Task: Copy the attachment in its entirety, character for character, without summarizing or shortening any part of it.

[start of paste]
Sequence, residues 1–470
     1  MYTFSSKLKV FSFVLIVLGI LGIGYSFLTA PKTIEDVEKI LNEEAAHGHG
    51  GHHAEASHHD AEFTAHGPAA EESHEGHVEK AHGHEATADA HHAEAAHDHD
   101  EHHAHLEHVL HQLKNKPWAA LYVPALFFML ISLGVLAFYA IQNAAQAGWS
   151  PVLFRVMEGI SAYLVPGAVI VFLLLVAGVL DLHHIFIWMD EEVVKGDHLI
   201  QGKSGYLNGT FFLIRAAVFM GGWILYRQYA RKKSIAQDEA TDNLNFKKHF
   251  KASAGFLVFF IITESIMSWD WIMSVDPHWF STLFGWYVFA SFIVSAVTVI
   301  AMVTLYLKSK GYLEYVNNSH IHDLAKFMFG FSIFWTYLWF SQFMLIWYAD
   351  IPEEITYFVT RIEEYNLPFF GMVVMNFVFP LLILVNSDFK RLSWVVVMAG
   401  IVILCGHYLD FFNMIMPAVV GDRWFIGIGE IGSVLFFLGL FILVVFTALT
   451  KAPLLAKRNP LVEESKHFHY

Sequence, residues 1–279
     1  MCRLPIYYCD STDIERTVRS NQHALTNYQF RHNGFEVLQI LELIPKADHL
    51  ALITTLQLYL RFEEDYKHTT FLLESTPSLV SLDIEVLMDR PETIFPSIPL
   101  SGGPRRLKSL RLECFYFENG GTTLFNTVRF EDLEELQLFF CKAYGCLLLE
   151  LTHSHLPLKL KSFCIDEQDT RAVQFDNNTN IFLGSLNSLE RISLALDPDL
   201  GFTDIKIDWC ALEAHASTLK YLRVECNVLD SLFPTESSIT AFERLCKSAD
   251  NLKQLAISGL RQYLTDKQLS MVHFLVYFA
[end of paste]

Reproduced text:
Sequence, residues 1–470
     1  MYTFSSKLKV FSFVLIVLGI LGIGYSFLTA PKTIEDVEKI LNEEAAHGHG
    51  GHHAEASHHD AEFTAHGPAA EESHEGHVEK AHGHEATADA HHAEAAHDHD
   101  EHHAHLEHVL HQLKNKPWAA LYVPALFFML ISLGVLAFYA IQNAAQAGWS
   151  PVLFRVMEGI SAYLVPGAVI VFLLLVAGVL DLHHIFIWMD EEVVKGDHLI
   201  QGKSGYLNGT FFLIRAAVFM GGWILYRQYA RKKSIAQDEA TDNLNFKKHF
   251  KASAGFLVFF IITESIMSWD WIMSVDPHWF STLFGWYVFA SFIVSAVTVI
   301  AMVTLYLKSK GYLEYVNNSH IHDLAKFMFG FSIFWTYLWF SQFMLIWYAD
   351  IPEEITYFVT RIEEYNLPFF GMVVMNFVFP LLILVNSDFK RLSWVVVMAG
   401  IVILCGHYLD FFNMIMPAVV GDRWFIGIGE IGSVLFFLGL FILVVFTALT
   451  KAPLLAKRNP LVEESKHFHY

Sequence, residues 1–279
     1  MCRLPIYYCD STDIERTVRS NQHALTNYQF RHNGFEVLQI LELIPKADHL
    51  ALITTLQLYL RFEEDYKHTT FLLESTPSLV SLDIEVLMDR PETIFPSIPL
   101  SGGPRRLKSL RLECFYFENG GTTLFNTVRF EDLEELQLFF CKAYGCLLLE
   151  LTHSHLPLKL KSFCIDEQDT RAVQFDNNTN IFLGSLNSLE RISLALDPDL
   201  GFTDIKIDWC ALEAHASTLK YLRVECNVLD SLFPTESSIT AFERLCKSAD
   251  NLKQLAISGL RQYLTDKQLS MVHFLVYFA